October 31, 2019 – Arbitrator upholds without pay suspension of teacher who remained silent when faced with allegations of inappropriate conduct with students

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Ontario English Catholic Teachers’ Association v Brant Haldimand Norfolk Catholic District School Board2019 CanLII 95001 (ON LA)

An arbitrator upheld the three-month suspension without pay of a teacher who refused to answer questions during an investigation pertaining to his inappropriate conduct with two students. The teacher chose to exercise his right to remain silent in response to his employer’s inquiries in light of the fact that he was potentially facing criminal charges.



Elementary Teachers’ Federation of Ontario v Bluewater District School Board, 2019 CanLII 90975 (ON LA)

An arbitrator upheld the School Board’s position that its kindergarten class sizes must comply with the average kindergarten class size and the kindergarten class size limits set out under the Education Act on the determinate date only. ETFO had argued that the kindergarten class size limits could not be exceeded on or after the determination date (that the limits applied to each day during the year).


Ontario English Catholic Teachers’ Association and Ottawa Catholic School Board (Nora Martin grievance) (unreported award of Judith Allen, September 2019)

An arbitrator upheld the termination of an occasional teacher who made racist and denigrating comments toward certain individuals, concluding that this culpable misconduct was not an isolated incident, and was made within a continuum of previous inappropriate behaviour which, taken together, amounted to just cause for termination.



Dodds v Halton District Catholic School Board, 2019 HRTO 1250 (CanLII)

Further to a summary hearing, the HRTO rejected the Application in its entirety against the Respondent, a Catholic School Board, on the basis that it had no reasonable prospect of success. The Applicant alleged that he was unsuccessful in obtaining a position with the respondent because he is not a practising Catholic. The HRTO determined that the Applicant failed to establish a link between his creed and the School Board’s job posting or the recruitment process for the position.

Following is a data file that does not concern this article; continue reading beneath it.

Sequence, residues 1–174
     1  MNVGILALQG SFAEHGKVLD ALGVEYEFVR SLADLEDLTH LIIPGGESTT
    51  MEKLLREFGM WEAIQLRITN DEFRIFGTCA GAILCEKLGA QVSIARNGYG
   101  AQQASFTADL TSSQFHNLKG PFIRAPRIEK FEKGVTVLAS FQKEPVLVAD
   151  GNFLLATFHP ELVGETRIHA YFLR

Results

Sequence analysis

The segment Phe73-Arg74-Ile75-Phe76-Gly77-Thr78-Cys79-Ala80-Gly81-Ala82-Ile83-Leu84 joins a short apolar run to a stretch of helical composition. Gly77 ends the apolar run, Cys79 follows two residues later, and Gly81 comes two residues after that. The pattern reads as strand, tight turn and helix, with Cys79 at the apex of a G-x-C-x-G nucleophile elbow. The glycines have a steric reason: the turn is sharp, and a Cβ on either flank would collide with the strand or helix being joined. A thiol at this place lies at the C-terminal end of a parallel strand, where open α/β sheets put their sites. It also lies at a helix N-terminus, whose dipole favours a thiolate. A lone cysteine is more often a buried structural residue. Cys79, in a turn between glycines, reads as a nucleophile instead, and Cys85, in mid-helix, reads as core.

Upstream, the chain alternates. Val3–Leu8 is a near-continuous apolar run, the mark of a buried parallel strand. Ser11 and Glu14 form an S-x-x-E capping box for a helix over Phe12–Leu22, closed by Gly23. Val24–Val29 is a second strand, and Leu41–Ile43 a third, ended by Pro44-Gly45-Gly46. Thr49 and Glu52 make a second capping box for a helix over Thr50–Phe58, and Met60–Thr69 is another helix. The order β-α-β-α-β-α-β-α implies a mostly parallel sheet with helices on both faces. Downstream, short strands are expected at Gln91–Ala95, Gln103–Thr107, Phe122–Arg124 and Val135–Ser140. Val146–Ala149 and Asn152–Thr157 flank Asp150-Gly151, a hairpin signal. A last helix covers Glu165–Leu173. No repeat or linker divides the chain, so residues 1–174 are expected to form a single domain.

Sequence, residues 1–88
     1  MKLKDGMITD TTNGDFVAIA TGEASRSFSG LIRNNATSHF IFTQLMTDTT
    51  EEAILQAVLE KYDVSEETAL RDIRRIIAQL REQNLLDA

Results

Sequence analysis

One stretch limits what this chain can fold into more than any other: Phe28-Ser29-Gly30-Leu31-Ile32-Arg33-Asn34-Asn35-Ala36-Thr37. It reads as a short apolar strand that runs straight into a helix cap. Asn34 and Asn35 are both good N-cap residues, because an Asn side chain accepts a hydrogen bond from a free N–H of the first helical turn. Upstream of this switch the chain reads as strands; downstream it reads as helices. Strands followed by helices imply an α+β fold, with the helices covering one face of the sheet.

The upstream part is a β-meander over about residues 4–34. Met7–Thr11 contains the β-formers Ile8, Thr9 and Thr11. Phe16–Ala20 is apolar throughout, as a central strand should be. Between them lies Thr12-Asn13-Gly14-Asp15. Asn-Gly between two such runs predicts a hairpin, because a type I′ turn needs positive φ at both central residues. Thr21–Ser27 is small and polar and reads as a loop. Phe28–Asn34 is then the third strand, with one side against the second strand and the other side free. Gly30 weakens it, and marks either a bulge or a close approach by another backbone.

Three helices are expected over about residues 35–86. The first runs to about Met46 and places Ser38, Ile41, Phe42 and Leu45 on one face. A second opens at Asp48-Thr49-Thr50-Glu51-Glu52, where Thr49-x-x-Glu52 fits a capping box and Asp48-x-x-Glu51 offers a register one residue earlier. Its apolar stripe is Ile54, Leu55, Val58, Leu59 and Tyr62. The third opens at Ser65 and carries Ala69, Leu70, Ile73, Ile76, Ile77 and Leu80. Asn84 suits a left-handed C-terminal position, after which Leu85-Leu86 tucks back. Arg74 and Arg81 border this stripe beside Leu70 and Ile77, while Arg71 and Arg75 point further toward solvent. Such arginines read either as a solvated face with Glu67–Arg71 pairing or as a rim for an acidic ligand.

TJ v Ottawa Catholic School Board, 2019 HRTO 1312 (CanLII)

In this interim decision, the HRTO granted the Respondent’s request to narrow the scope of the Application to the period of one year prior to the submission of the Application. In this case, the Applicant claimed that the School Board breached the Code by refusing to accommodate his disability-related rights, namely by refusing to implement his Individual Education Plan. The OHRT determined that the allegations in the Application which related to event that occurred more than one year prior to the submission of the Application were untimely and did not amount to a series of events.


MM v Kingsley Primary School, 2019 HRTO 1342 (CanLII)

In this interim decision, the HRTO directed the Applicant’s parent to communicate forthwith her decision on whether she will grant permission to the School Board to access, use, disclose and submit into evidence certain items from her child’s Ontario Student Record. The HRTO determined that there were competing interests at stake, namely the privacy interests of the Applicant (pupil records are privileged) and the School Board’s right to a full answer and defence to allegations, which in this case required the School Board to have access to these records. The HRTO added that in the event the parent refused to grant her permission to the Respondent, the HRTO would hear submissions from the parties on whether the Application should be dismissed for abuse of process.


DB v Toronto District School Board, 2019 HRTO 1351 (CanLII)

The HRTO denied the Applicant’s interim request for accommodation which requested, namely, that the School Board permit his current Applied behavior analysis (ABA) providers to support him in the classroom.  In this case, the Applicant, a first-grade student with Autism Spectrum Disorder, alleged that the Respondent School Board did not take adequate steps to have his required accommodations in place for his first day of school. The HRTO opined that providing the interim accommodation requested amounted to giving the Applicant the substantive remedy that he is seeking, in the absence of any finding that the Human Rights Code has been infringed. In the HRTO’s view, the applicant’s entitlement to ABA in the classroom had to be determined on the basis of a full evidentiary record.